Glaucoma is a group of eye diseases that can damage the optic nerve that connects the eye to the brain. Increased intraocular eye pressure can damage the optic nerve and, if left untreated, can lead to blindness and permanent vision loss. Glaucoma often develops slowly and painlessly, and its early stages may have no noticeable symptoms. Individuals might, as the Glaucoma progresses, experience a gradual loss of peripheral (side) vision, Tunnel vision (where the field of vision narrows), blurred vision, halos around lights (often more pronounced in lower light situations), or difficulty adjusting to lighting changes, and eye pain.

Refraction changes, floaters, dry eyes, and other age-related eye issues

As the eye ages, you may experience refraction changes, where the light coming in hits a different part of the retina. Some of these refraction changes can be corrected through prescription glasses, which can shift the light to improve sight. However, some eye changes can be more serious, so proactivity is key when experiencing any perceptible vision change.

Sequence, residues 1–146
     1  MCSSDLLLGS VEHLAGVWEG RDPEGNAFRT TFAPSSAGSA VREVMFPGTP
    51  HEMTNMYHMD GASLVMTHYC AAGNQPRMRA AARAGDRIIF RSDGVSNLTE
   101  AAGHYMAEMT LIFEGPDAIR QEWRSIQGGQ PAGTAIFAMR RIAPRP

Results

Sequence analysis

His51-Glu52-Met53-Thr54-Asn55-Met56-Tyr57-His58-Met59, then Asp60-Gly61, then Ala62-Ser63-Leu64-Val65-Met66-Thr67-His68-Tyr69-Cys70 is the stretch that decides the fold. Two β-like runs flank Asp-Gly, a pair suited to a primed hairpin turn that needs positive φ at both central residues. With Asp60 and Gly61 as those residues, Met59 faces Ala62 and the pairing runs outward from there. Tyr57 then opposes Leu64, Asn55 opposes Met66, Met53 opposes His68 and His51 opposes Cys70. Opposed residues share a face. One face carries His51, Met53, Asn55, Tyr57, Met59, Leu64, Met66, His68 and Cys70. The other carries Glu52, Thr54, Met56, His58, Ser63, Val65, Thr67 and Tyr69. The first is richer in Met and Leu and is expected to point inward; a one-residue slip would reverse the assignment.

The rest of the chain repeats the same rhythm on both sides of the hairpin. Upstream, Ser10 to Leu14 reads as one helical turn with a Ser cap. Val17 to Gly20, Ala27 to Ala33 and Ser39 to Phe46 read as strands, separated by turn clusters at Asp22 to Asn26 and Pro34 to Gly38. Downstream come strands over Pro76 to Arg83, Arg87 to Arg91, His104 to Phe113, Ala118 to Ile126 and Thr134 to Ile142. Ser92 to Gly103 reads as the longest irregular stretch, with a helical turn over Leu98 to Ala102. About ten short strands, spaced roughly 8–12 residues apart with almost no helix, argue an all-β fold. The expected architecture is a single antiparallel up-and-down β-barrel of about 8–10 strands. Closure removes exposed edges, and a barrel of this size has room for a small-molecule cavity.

Other age-related issues that an eye doctor should evaluate include an increased number of floaters in the eye. Floaters are dark specs that we can sometimes see. While some floaters can be normal, any significant change in floaters, flashes of light, or areas of darkness could signal something more serious impacting the retina or photosensors and should be immediately checked by your eye doctor.

Dry eyes can be another age-related complication ranging from minor to more complex and chronic. An eye doctor can evaluate your condition and recommend the best treatment to increase comfort and reduce the long-term risk of eye injury.

Macular degeneration

Macular degeneration is another age-related eye disease that can blur central vision - causing blurry or wavy areas in central vision. Changes in central vision can make it increasingly difficult to see things right in front of you, causing increased reliance on peripheral (side) vision. Often, there are no early signs of Macular Degeneration, which is another reason why regular eye exams are so important.

Diabetic retinopathy

Diabetic retinopathy results from diabetes, and diagnosis and proper treatment of the underlying medical condition is crucial. If you have been diagnosed with diabetes, it’s essential to be proactive and see an eye doctor, too, since diabetes can significantly impact eye health and cause permanent vision loss. For some adults, diabetes is initially detected through an eye exam.